As working moms we all face different work atmospheres, from working at home, to working behind a desk, and on the road and we all experience different levels of workplace support. I can’t say I receive zero support as a mom, but I can’t say it’s overwhelming either. So what does a working mom do when she works in a less than supportive environment? Here a few tips that have made it easier on me.
1. Be up front with your boss. Have an open dialogue with your boss about your parenting situation. With my Husband’s hours and business situation, I often have to be the one to bow out of work because I’m the one with paid sick leave, and my boss is fully aware. Making sure your boss knows your situation can go a long way.
2. Don’t always be the first one out the door. I know. It can be hard to wait to get back to your little one and family, but the top dogs are rarely arriving late and leaving early. Even if you only take 5 to 10 minutes to prep for the next day and then head out, sometimes it just matters not to be seen heading to the parking lot at 4:59.
3. Find someone to talk to, but don’t be a gossip. It’s important in any workplace to have someone who is sounding board and support for you. But don’t let it go to far, gossip wastes to much time and energy. And make sure to return the favor, we all have work complaints, listen just as much as you vent.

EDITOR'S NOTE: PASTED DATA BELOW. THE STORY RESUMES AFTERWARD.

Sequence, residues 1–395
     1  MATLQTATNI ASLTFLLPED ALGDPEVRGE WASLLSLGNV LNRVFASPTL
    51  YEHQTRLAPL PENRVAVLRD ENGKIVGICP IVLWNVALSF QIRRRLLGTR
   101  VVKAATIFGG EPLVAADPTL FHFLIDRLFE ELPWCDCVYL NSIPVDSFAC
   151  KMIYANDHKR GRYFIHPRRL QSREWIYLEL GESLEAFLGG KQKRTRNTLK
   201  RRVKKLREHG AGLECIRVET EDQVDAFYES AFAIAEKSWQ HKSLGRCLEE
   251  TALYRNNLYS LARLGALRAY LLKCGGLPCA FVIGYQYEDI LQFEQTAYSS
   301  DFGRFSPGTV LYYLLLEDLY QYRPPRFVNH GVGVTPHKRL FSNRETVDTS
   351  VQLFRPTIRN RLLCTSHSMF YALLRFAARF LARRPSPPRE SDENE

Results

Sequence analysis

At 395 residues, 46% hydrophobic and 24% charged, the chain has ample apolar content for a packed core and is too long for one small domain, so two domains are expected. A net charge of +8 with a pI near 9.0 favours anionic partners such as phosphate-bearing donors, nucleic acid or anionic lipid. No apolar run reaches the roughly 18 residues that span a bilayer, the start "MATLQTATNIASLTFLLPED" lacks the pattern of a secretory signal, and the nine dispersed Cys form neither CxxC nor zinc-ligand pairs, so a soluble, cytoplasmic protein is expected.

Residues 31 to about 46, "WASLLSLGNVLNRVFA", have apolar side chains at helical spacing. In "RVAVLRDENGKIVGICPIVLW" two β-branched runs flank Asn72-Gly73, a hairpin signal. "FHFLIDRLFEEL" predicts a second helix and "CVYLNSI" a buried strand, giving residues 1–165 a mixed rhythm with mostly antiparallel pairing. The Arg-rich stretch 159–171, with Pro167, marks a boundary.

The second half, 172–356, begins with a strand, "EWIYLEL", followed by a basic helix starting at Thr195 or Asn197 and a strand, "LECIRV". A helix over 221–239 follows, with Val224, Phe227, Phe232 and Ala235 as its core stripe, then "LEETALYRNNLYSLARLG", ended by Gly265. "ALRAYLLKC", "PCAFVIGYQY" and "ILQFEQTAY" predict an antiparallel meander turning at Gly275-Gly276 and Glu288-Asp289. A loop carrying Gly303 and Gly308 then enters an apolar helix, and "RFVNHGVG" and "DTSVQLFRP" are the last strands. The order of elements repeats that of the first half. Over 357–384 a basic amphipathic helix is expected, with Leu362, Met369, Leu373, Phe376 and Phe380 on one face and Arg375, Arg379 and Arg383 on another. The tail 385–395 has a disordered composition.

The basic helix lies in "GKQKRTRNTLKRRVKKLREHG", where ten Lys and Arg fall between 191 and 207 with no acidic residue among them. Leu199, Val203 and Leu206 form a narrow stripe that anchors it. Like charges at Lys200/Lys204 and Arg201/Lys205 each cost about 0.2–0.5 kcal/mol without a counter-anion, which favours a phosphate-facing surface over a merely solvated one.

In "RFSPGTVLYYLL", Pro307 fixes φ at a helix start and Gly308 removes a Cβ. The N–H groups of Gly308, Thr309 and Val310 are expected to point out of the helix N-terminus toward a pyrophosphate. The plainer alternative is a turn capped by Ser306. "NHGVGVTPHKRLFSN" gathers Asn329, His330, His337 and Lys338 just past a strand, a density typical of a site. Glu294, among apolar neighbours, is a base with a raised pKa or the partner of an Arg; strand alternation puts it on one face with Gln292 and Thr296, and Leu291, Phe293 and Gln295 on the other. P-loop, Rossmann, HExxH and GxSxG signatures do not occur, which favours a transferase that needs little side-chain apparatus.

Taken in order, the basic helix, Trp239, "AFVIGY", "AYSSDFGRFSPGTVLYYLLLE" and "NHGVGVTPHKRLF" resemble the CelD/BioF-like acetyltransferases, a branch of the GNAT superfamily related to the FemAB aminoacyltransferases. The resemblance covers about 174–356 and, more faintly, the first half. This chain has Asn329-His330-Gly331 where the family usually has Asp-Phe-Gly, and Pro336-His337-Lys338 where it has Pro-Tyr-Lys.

4. Say yes, and say no. Not long ago I was asked to head up a new project, it took a lot of extra work on my part, extra hours including weekends. Now that it is off and running, I’ve stepped back. While I was more than happy to put in the extra work to get the ball rolling, it wasn’t something I could handle long term. I made sure my co-workers knew that up front, and still offer assistance when I can.
5. Look for small ways to go the extra mile. There are times I need to be away from my desk for a longer lunch hour and running personal errands, so when it’s appropriate I forward my office phone to my cell. Ideal? No, but it keeps my calls from being forwarded on to my already busy boss. Returning emails when I’m home with a sick boy, and touching base with the office on an unexpected day out go a long way.
6. Know when to leave the personal just that, personal. Don’t bring the family drama in the office. Have a bad time getting out the door? Mad at the Mister? Not everyone in your building needs to know. It makes you look unprofessional. Besides, office politics often come with too much drama of their own.
7. Know your workplace rights. Knowledge is power. Knowing the policies of your office, along with state and federal government laws and mandates is important. If I knew then what I knew now, my breastfeeding experience would have been very different.
Overall, motherhood has changed how I view my job and how I do my job.
What about you? Are you in a workplace where it is seen as a hindrance to be a mom? How do you handle the challenges your workplace gives in those situations?
Carole lives a life surrounded by water as a marine biologist married to a fisherman. Their greatest catch to date is their son Allan, who fills the house with laughter, way too many trains, and causes trouble with his sidekick, Sandy Dog. Nestled in a secluded part of NC, they comb the beaches soaking up the sand and salt. She talks about the high seas of life over at Surf Momma and tweets as @SurfMommaBlog.